By Jeff Juger, Hanwha Q-CELLS, number 11 on the Solar Power World Top 250 Contractors list.
Renewable Portfolio Standards (RPS) have been key drivers of utility-scale solar across the United States. However, utilities have cut back on projects after reaching RPS thresholds—in many cases years before projected. In 2012, Massachusetts reached its 250-MW target five years early. Fortunately, Massachusetts expanded the program to 1.6GW by 2020. In some states, such as North Carolina, legislators opposed to solar have vowed to repeal the RPS in its entirety. These intense battles underscore the fact that these standards are vital cogs in the solar machine, but show they are vulnerable to attack. While such standards are shining examples of state-level efforts to stimulate solar, they are hardly the only mechanism: Undiscovered solutions and realized innovations encourage solar progress.
Proximity of demand to supply affects solar progress. The Southwest has land readily available, but there is limited transmission line capacity to carry that power cost-effectively to end users. Consequently, concepts like net energy metering and distributed generation become more important. Distributed solar provides electricity on-site or near to demand, reducing transmission losses. It also mitigates peak demand, thereby reducing the need to hedge against fuel price swings. Many firms, like Hanwha Q CELLS, diversify their portfolios to include residential and commercial segments to aid in that development. Current solutions for solving lack of transmission line capacity are expensive, but drawing attention to this infrastructure issue and encouraging research into solutions ensure solar’s long-term viability.
Another innovation in solar is the emergence of creative financing, which allows solar to grow independently of the RPS. Five years ago, third-party financing was rare; now solar leasing companies, like OneRoof Energy, account for 70% of all residential installations in California and Arizona. In 2013, a crowdfunding site funded four projects (150kW combined) worth $300,000 within 24 hours, with an average investment of $700. Encouraging more financing innovation will help solar companies beyond mere reliance on the RPS.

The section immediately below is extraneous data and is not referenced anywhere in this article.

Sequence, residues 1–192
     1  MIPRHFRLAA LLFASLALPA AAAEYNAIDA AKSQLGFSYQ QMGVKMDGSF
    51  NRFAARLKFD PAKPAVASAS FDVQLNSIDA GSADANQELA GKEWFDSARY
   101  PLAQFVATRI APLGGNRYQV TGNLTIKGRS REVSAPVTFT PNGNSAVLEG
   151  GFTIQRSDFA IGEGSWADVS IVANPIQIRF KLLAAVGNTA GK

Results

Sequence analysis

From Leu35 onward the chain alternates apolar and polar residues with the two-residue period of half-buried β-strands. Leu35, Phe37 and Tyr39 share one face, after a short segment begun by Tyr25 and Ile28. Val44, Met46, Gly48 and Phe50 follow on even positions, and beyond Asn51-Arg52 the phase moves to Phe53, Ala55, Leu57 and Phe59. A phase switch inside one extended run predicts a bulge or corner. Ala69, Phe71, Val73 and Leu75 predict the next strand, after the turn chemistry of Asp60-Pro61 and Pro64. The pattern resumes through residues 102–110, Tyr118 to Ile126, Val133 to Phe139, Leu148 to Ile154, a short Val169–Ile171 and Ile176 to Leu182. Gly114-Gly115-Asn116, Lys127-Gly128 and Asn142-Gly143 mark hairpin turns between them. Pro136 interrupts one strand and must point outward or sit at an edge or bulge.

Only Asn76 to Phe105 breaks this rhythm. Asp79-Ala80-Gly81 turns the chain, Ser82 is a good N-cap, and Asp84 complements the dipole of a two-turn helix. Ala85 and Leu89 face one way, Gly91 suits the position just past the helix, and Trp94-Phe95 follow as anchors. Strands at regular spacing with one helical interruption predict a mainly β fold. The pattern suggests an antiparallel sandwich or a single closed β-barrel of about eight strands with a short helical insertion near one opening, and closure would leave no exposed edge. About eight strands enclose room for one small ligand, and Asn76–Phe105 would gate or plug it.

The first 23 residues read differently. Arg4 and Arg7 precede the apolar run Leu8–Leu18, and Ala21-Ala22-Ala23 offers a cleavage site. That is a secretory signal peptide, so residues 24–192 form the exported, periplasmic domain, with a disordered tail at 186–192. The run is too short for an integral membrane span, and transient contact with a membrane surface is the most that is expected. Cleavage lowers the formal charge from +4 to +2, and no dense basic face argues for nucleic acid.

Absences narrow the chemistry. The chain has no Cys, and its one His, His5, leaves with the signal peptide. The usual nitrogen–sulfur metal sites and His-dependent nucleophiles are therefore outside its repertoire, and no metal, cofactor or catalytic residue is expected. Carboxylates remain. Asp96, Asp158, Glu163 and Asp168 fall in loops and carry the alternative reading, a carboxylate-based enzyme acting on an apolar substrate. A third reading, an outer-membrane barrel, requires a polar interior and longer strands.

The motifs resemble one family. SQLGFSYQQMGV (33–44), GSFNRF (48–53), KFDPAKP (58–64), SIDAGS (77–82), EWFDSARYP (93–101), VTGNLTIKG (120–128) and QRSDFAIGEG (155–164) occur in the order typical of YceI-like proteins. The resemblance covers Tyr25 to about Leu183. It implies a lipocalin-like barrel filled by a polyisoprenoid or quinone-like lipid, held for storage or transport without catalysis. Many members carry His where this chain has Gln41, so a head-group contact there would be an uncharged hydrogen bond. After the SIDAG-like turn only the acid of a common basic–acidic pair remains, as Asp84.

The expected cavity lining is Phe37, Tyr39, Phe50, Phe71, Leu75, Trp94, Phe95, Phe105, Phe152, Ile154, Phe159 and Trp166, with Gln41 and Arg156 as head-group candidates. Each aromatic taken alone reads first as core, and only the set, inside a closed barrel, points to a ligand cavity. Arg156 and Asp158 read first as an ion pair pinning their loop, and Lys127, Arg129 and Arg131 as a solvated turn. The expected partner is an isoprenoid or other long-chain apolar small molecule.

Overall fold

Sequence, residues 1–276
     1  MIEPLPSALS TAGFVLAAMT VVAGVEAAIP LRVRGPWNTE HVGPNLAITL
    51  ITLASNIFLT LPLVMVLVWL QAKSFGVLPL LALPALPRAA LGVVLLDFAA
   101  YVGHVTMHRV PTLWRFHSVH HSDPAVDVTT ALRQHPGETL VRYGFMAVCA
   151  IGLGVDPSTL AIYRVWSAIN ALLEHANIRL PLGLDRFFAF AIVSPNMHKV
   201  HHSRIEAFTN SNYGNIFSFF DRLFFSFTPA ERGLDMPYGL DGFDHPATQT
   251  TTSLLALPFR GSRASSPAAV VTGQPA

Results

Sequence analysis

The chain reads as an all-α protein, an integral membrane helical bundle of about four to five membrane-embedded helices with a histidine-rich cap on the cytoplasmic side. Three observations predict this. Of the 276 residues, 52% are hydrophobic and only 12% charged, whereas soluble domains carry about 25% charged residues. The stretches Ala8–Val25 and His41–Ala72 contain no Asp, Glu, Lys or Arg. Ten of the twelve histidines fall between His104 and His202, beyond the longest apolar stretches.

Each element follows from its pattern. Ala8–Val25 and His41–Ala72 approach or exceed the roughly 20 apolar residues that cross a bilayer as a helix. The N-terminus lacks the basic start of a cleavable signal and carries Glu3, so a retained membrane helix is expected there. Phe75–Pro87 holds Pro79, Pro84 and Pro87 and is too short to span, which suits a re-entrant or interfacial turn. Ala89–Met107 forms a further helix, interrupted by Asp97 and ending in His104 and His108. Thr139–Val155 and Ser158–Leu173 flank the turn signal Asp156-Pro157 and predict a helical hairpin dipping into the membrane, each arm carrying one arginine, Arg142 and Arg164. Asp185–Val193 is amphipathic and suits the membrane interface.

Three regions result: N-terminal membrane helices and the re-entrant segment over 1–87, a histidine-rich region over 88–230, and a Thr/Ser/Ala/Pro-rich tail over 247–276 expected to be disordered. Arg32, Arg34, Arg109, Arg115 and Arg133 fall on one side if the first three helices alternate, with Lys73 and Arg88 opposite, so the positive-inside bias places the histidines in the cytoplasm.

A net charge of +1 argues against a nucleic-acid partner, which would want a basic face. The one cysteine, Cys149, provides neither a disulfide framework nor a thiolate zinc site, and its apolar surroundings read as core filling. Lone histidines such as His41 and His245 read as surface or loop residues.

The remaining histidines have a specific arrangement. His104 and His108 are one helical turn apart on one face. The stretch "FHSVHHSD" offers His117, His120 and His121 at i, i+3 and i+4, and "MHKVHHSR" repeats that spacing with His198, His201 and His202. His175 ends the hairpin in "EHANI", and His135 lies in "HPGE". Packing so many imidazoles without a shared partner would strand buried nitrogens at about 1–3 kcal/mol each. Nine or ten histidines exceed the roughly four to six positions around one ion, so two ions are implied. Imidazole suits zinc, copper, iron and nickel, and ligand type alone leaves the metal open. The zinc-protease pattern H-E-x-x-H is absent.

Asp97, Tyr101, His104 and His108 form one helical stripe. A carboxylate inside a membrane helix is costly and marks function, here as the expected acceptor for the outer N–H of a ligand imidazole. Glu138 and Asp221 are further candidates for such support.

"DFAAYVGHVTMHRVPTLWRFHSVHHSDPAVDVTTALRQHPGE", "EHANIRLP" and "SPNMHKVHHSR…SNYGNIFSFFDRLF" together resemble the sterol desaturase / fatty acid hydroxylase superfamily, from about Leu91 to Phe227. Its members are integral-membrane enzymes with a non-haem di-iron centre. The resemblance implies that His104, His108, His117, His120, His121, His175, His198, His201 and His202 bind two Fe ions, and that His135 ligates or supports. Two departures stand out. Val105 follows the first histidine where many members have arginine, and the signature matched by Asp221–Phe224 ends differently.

Companies should engage lawmakers to encourage increased regional diffusion of ideas among states. The establishment of New York’s $1 billion Green Bank matches public and private funds for projects that might otherwise struggle to find investment. New York followed neighboring Connecticut’s lead, whose $30 million program has funded several projects in the state. Others are now considering similar programs. More concepts discovered and shared can reduce barriers to solar adoption.
Installed system prices have dropped 60% over the past four years and the levelized cost of energy (LCOE), an economic assessment of the system cost, has reached or approached grid parity in some markets. This means solar can rely less on RPS. In Hawaii, solar electricity competitive with local electricity rates is flourishing. With that in mind, Hanwha Q CELLS is driving down the LCOE for its systems. Hanwha Q CELLS USA is active in project development, financing, EPC, and O&M and has installed 110MW of commercial and utility-scale systems in North America alone.
Our job as industry leaders is to promote investment into research and the continued development of innovative solutions, which help solar become a mature, self-functioning industry.